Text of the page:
Local Flavor: Oak and Earth Does the Dogwood Festival

It’s Bethany comin’ at ya for this post!

Funnel cake, hot pavement, trees blooming, music, and a bunch of people you vaguely know but don’t want to talk to. Must be a small town festival! Holy festivals, Batman! I’ve experienced all kinds of festivals and fairs in my lifetime. My favorite is still claimed by none other than the Dogwood Festival. I feel like every town has an annual festival that they are super proud of, and this is ours. In this post you’ll find a video of me chatting it up with festival goers, you will discover OakandEarth’s Dogwood Festival musts, and share in Dogwood experiences that were new to me this year!

I felt compelled to write about the festival because this festival celebrates OakAndEarth’s common roots! Our tagline for our blog is Common Roots, Different Routes. Our common roots are planted in Siloam Springs, Arkansas. Siloam Springs is a charming town of about 15,000 people. We have beautiful parks, a downtown with coffee shops and antiques, and dogwood trees (ahhh, now you’re getting it, right?). At a typical Dogwood Festival there are a ton of booths with handmade goodies, fair food, live bluegrass music, and an awesome kid section that I find myself mindlessly wandering into each year. (I wonder what this says about me).

When I wandered into the kid section this year, I found a ton of happy families. I’m throwing it back to the early 1990’s for a second. After my family’s first trip to the festival, my older brother left in tears. Sugary treats, warm weather, music, why was he crying?? Simply put, he thought the Dogwood Festival would have dogs. “There weren’t any dogs!!!”. A clear rookie mistake that could happen to anyone. Names are not always as literal as we wish them to be.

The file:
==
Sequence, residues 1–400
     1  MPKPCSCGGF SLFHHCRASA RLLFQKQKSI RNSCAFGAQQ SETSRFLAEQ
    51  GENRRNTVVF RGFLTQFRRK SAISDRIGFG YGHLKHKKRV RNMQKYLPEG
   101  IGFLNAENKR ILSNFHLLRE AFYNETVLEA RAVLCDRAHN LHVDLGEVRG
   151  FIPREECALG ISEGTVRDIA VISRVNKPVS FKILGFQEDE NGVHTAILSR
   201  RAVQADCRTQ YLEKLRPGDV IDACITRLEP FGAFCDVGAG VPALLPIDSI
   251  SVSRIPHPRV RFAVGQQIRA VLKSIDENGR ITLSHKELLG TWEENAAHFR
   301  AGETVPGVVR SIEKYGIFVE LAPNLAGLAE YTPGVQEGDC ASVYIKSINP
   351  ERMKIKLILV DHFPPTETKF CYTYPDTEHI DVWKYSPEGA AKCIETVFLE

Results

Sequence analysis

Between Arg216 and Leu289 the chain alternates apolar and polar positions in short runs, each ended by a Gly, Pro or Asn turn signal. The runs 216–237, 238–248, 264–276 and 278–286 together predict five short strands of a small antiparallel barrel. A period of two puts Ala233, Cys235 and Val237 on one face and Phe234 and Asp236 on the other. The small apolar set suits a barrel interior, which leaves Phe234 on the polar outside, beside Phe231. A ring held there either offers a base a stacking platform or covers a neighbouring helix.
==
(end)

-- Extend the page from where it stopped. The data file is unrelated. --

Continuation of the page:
Denver and I spent Saturday being slightly creepy, and asking random festival goers what they enjoy the most. Let’s take a look at the festival this weekend and what people think about it!

OakandEarth Dogwood Favorites:


We caught up with Christiana at the festival, and she said her festival musts are the Kettle Corn and the book sale at the local library! She also bought some honey and a few other treats that she will discuss next week!
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My favorite treat will forever and always be the Tigers Blood snow cone. I get one every year, and this year was no exception! Tigers Blood is a mixture of watermelon, strawberry, and coconut. Good for a hot day, and also good if you desire an obnoxiously red mouth.


Something I had never noticed at the fair before was a food truck that sold roasted corn on the cob! Okay, readers. If you’re going to learn anything about me, it is that I have 3 loves (listed in no particular order)– stew, corn on the cob, and Denver (my husband). At the festival, I got two of those fixes! The third will be relieved in few hours when I make homemade stew. But I digress. This corn on the cob is one food item that could make me shout a curse word to the high heavens. Thankfully I have some restraint (in public). For now, just enjoy pictures of me in what can only be referred to as  corn heaven.